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Promoting the note

Bank of Canada official drops by Station Mall to show off commemorative Canada 150 $10 dollar bank note; images of wartime leaders Borden, Mackenzie King to be dumped from future notes
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The four faces seen on the commemorative Canada 150 10 dollar bank note. Darren Taylor/SooToday

The Bank of Canada is touring Ontario to promote the commemorative 10 dollar bank note issued June 1 to celebrate Canada 150.

Nish Vairavanathan, Toronto-based Bank of Canada Ontario Regional Office analyst, was on hand at the Sesqui cinematic dome site currently moored in the northeast corner of Station Mall’s parking lot Monday to greet visitors (with plenty of brochures regarding the $10 note, but not to hand out any free notes).

“The back of the note has a landscaped theme, with different images taken from different parts of Canada (including our own beautifully rugged Canadian Shield region).”

The note’s front features Sir John A. MaDonald, Canada’s first Prime Minister, Sir George-Etienne Cartier, a prominent French-Canadian Father of Confederation, Agnes Macphail, the first woman elected to the House of Commons and James Gladstone (or Akay-na-muka, his Blackfoot name), Canada’s first senator of First Nations origin.

“It’s not a regular circulating bill.  We printed 40 million of these notes and they will be available at financial institutions for a period of time,” Vairavanathan said.

Any Canadian bank note issued since 1935 is still legal tender.

“About 75 per cent of people we surveyed said they would keep this note because it’s a special bill, but you may come across this note for some time,” Vairavanathan said, but he added banks may pull the Canada 150 $10 notes out of circulation by order of the Bank of Canada to make room for a newer series of $10 notes at some point in the future.

The commemorative note has a series of three outstanding new anti-counterfeiting security features for consumers to look for, including light which switches from green to blue when you tilt the note (located on the Memorial Chamber Arch image), raised ink on both the front and back of the note, and what appears to be 3D maple leaves, but when touched, feel completely flat.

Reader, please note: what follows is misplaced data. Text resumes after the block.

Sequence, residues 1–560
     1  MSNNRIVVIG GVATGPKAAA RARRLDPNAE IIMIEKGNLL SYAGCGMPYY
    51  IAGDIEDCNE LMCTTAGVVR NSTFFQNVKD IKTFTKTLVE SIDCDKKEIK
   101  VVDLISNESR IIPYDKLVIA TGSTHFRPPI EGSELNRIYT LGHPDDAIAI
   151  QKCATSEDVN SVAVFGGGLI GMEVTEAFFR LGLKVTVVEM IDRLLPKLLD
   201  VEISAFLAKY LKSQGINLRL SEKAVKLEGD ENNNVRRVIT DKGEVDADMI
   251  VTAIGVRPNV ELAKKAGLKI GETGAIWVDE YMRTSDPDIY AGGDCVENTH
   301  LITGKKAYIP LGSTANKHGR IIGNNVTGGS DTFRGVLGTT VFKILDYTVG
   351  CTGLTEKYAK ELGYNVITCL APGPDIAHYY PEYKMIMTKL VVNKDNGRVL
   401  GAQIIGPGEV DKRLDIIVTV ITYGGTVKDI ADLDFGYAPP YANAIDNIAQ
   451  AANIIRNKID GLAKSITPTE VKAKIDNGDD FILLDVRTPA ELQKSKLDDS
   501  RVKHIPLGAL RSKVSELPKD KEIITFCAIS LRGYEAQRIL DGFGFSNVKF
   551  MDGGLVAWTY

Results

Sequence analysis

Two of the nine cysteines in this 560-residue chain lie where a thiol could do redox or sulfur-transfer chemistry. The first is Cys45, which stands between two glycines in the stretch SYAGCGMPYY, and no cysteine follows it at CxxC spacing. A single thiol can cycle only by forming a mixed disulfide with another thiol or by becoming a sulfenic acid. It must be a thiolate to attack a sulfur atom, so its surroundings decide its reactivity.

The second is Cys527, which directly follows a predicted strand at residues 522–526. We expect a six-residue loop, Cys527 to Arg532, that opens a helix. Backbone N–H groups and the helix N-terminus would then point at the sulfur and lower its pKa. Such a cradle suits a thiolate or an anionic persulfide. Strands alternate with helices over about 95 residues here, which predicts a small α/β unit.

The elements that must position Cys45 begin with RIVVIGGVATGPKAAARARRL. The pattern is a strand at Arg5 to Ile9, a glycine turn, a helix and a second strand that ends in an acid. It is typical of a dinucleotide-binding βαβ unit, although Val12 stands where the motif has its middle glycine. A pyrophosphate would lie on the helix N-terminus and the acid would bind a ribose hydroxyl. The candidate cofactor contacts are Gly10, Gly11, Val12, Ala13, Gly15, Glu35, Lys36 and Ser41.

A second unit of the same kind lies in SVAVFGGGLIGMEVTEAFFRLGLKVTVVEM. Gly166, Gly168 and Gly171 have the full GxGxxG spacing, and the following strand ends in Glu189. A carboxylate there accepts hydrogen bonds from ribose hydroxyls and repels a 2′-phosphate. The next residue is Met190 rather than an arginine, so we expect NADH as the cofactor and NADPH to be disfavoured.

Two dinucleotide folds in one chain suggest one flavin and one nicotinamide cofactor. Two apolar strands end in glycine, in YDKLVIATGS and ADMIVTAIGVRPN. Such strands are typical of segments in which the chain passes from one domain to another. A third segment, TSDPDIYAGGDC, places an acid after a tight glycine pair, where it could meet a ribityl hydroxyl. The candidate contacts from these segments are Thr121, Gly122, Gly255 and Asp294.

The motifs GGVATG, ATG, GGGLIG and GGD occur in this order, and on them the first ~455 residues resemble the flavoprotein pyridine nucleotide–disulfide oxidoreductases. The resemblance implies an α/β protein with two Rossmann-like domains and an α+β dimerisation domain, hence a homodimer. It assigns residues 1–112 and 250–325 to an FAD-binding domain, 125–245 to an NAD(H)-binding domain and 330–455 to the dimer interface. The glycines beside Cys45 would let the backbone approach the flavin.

“This will help inform the Bank of Canada when we issue future notes,” Vairavanathan said, adding the Bank works closely with law enforcement agencies in regard to counterfeiting.

“Counterfeiting has been on the decline with respect to Canadian bank notes, especially with the introduction of the polymer series notes and education and awareness.”

There will be a new $10 bank note introduced in 2018, with the image of Nova Scotia human rights activist Viola Desmond replacing that of Sir John A. Macdonald.

The image of Macdonald and Sir Wilfrid Laurier, currently on the $5 note, will be moved to new $50 and $100 bank notes, though it is not certain which image will go on which note, Vairavanathan said.

It is not yet known who will be featured on the new $5 bank note.

“We like to get what the general public wants to see in terms of the theme…you’ll hear in the future,” Vairavanathan said.

The Bank of Canada official said he anticipates the image of Queen Elizabeth II will continue to be seen on the $20 bank note (as well as the Loonie and Toonie).

What of William Lyon Mackenzie King, Canada’s longest serving Prime Minister who led Canada through the Second World War and introduced many useful social safety net programs such as Employment Insurance, whose image is currently seen on the $50 bank note?

What of Sir Robert Laird Borden, who guided Canada through the First World War, a time in which many feel Canada truly came of age as a nation?

What happens when their images are removed to accomodate Macdonald and Laurier on the new $50 and $100 bank notes?

Key figures in Canada to be certain, so why remove them?

“With respect to the 10, we wanted to put an iconic Canadian woman on a note and there is only so much space with respect to the five denominations we have in circulation,” Vairavanathan said, even though the Bank of Canada put the images of four people on the commemorative 10 dollar bank note.

What of the future of cash itself, with the masses turning to debit cards, credit cards and shopping online?

“The use of cash is going down, but for us, as long as we can provide something Canadians can use with confidence, something that’s secure and hard to counterfeit, that’s what we care about the most,” Vairavanathan said.

Information on Canadian currency may be found on the Bank of Canada’s website

 



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